It should be noted that the fuel flow under the reversed pressure differential is forced to pass through the fuel pump 30 to the fuel source 32. Therefore, the fuel pump 30 is preferably of a type having a relatively high leakage volume when the fuel pump 30 is not in operation, such as a vane type. However, if a fuel pump having a low leakage volume in non-operative conditions is used, such a fuel pump may be driven in a reversed rotational direction at a low speed to facilitate the passing through of the fuel during the fuel purging process, but not for performing a vacuum pump function.

When the fuel purging process is completed (which may be determined by differential pressure transducer 52 signals or simply by a time lapse), EEC 60 commands both the ecology solenoid valve 62 and the flow equalization solenoid valve 58 to be deactivated such that the ecology solenoid valve 52 is closed and the equalization solenoid valve 58 is open, as illustrated in FIG. 2.

It should be noted that a relatively low range (i.e. sensitive) pressure transducer is preferred for the purpose of monitoring flow during start and fuel pulses on manifold filling. It is preferable to use a sensitive or low range pressure transducer in practical terms in the embodiment of the present invention because the transducer never has a high pressure differential applied to it. The differential pressure is shunted out via fuel passages 54 and 56 in conjunction with flow equalization valve 58, limiting the maximum differential pressure to which the transducer is exposed. For example, the differential pressure during start is of the order of 100 PSI maximum, however the fuel system pressure may be over 1000 PSI during take off conditions. A transducer used for applications involving 1000 PSI is very poor at resolving small pressure differentials needed to control flow at low flow conditions. Therefore, it is preferable to have a transducer having a maximum pressure indication for example, not greater than 120 PSI.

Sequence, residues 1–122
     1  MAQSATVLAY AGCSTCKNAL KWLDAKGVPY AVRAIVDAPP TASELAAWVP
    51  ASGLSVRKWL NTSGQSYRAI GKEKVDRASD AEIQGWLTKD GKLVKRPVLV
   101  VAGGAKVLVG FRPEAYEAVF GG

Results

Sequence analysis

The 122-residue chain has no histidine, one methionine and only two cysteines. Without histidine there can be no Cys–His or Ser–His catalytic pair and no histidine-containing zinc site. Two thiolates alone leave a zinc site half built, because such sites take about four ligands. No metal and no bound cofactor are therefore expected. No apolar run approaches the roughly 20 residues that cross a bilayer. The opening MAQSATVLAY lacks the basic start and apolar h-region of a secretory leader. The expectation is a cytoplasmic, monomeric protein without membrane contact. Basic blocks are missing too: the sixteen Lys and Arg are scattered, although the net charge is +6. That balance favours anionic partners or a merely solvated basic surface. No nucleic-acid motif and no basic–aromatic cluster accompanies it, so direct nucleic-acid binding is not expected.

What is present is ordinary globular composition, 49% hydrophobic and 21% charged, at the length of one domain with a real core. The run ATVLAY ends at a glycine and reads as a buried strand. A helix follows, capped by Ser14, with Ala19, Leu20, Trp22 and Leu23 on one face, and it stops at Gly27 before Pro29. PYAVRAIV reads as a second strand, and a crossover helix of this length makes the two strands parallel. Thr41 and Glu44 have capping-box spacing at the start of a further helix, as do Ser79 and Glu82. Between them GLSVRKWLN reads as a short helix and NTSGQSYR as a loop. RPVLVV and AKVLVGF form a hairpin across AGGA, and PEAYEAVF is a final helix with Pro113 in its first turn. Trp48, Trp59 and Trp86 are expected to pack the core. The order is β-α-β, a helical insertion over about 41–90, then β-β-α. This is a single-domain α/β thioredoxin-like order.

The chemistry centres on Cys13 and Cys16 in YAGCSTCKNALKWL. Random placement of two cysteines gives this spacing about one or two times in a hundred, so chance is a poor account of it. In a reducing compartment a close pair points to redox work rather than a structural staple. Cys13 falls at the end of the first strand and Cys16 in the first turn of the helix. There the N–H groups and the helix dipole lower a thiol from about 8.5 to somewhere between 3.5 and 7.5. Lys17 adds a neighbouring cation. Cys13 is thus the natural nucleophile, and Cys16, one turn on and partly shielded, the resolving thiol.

In FIG. 9, a schematic illustration is used to show in principle an alternative embodiment of the present invention which may not be a complete system and may need more components to be included in a practical view point. Fuel system 128 is a simplified version of the fuel system 28 of FIG. 2. Similar components are indicated by similar numeral references and will not be redundantly described herein. The fuel system 128 is implemented by omission of the bypass including the fuel flow passage 64, 66 with the ecology solenoid valve 62 and the check valve 68, or by omission of both that bypass and the fluidic connection between the fuel flow passages 48 and 50, including the fuel flow passages 54, 56 and the flow equalization solenoid valve 58, as shown in broken lines in FIG. 9. Furthermore, as a result of such omissions, the minimum pressure/flow divider valve 38 of the fuel system 28 of FIG. 2 is replaced by, for example, an EEC-controlled flow divider solenoid valve 138, having inlet 140 and outlets 142 and 144. The valve 138 is operated on the commands of EEC 60 rather than by the pressure changes at inlet 140.

During engine start-up and operating conditions, fuel is driven by the fuel pump 30 to the respective pilot torch nozzles 34 and the main manifold 36 in patterns similar to those illustrated in FIGS. 3-6, if only the bypass with the ecology solenoid valve 62 and the check valve 68 are omitted. (The fluidic connection between the fuel flow passages 48 and 50 including the fuel flow passages 54, 56 with the flow equalization solenoid valve 58 remain in the system.)